The Norwegian Defense Research Establishment (FFI) wanted to test the benefits of augmented reality for the Norwegian military’s infantry fighting vehicles and main battle tanks. It also wanted to provide a cost-effective demonstration of this technology to its end users, the Norwegian military. In 2006, FFI conducted its first experiment with simulated augmented reality and battlefield management systems using an in-house developed simulator, based on a commercial game. In 2008, FFI conducted a field trial where augmented reality was demonstrated as a proof of concept in infantry fighting vehicles. After the field trial FFI has conducted two experiments with a more detailed implementation of the simulated augmented reality system, using VBS2 as the simulation platform. Presently, battlefield management systems in military vehicles offer Blue-Force Tracking and allow users to laze a target and mark it, but they do not offer the capability to view this information directly in the vehicle’s sights and periscopes.
Augmented reality is technology used to project virtual objects on to a screen with live images—essentially merging virtual technology with real situations. According to Per-Idar Evensen’s “Design and Implementation of an Augmented Reality System in VBS2,” augmented reality systems are “used to increase situational awareness through visualization of Blue Force Tracking data and points of interest like observations and targets” (p. 11). In military situations, augmented reality is commonly used by pilots in head-up displays. The researchers at FFI were interested in how augmented reality might enhance situational awareness on the battlefield.
Using VBS2Fusion, a C++ based application programming interface for VBS2, FFI developed a plug-in that visualizes information from a battlefield management system, like Blue-Force Tracking, observations and waypoints, in the form of graphical symbols in VBS2. For instance, a friendly tank could be labeled with a NATO symbol. Developers also created a Laser Range Finder in VBS2, which lets the user mark positions in the terrain, and tested voice recognition with the battlefield management system connected to VBS2.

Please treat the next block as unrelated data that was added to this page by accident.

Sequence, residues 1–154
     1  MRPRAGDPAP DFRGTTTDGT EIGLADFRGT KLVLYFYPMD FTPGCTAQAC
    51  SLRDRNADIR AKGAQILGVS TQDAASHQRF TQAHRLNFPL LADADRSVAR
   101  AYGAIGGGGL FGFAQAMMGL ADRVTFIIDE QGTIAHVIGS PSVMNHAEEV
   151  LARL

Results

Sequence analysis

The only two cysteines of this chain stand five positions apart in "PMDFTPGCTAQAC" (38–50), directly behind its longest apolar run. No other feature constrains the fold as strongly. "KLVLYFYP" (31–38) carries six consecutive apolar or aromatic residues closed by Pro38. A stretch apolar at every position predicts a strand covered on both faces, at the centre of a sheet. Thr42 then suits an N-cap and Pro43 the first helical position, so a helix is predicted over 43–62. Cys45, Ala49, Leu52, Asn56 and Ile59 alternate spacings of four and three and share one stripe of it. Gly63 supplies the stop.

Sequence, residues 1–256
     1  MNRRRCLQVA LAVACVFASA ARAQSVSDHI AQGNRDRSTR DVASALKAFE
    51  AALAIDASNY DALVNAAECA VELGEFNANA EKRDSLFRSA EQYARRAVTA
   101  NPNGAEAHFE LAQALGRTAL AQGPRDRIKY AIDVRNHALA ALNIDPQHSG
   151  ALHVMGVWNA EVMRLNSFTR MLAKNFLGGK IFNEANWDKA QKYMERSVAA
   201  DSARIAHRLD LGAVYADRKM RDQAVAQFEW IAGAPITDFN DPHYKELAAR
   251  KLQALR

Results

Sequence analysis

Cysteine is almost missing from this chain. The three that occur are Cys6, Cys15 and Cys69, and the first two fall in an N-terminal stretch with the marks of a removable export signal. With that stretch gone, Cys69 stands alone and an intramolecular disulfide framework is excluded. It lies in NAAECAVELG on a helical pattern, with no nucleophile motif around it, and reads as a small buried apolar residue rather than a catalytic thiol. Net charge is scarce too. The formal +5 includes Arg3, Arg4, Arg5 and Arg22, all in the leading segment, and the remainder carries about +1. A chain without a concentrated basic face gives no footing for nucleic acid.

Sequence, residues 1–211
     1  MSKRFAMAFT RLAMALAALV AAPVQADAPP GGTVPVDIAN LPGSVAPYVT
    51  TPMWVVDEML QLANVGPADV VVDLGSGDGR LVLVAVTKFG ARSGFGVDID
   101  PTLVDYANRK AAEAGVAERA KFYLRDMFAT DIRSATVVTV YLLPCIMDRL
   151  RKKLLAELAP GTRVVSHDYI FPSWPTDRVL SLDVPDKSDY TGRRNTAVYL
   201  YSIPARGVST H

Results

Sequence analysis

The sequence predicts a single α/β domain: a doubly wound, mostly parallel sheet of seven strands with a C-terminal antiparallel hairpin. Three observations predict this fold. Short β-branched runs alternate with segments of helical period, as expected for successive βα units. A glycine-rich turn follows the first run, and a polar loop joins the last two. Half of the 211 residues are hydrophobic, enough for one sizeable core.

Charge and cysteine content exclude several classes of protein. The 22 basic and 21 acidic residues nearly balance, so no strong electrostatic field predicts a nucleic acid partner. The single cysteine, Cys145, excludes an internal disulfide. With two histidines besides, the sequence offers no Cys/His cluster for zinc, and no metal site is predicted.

“VBS2 offers a complete virtual environment for military simulations, and it has an Application Programming Interface that makes it possible to develop new functionality,” said Per-Idar Evensen, senior scientist at FFI. “By testing emerging technologies and new concepts in a virtual environment by developing virtual prototypes, we can evaluate technology that is not yet available, decide whether or not it should be developed, and even assess what properties it should have in order to give the maximum benefit to users.”
FFI then conducted a week-long test of the system with six infantry fighting vehicle crews. The crew conducted several different scenarios to test various elements of using augmented reality in a battlefield management system. For example, researchers examined system delays when objects moved and what constituted delays that could be tolerated by users.
“The experiments show that the AR system results in faster and more accurate perception of Battlefield Management System information, and thus better overall situational awareness,” said Evensen. “In small test scenarios, we observed an average reduction of up to two thirds in target acquisition times. The results and lessons learned from the experiments are being used in the ongoing project for designing a real AR system for combat vehicles.”
Evensen adds that the FFI has found “VBS2/3 suitable for experimenting with emerging technologies and new concepts by developing virtual prototypes.
“The virtual prototypes make it possible to experiment with new technologies in situations that are hard or impossible to achieve in the real world because of cost, safety or availability issues.”
“Design and Implementation of an Augmented Reality System in VBS2”, Per-Idar Evensen
“Experimenting with Simulated Augmented Reality in Virtual Environments”, Per-Idar Evensen and Marius Halsør, I/ITSEC 2013 Paper No. 13028.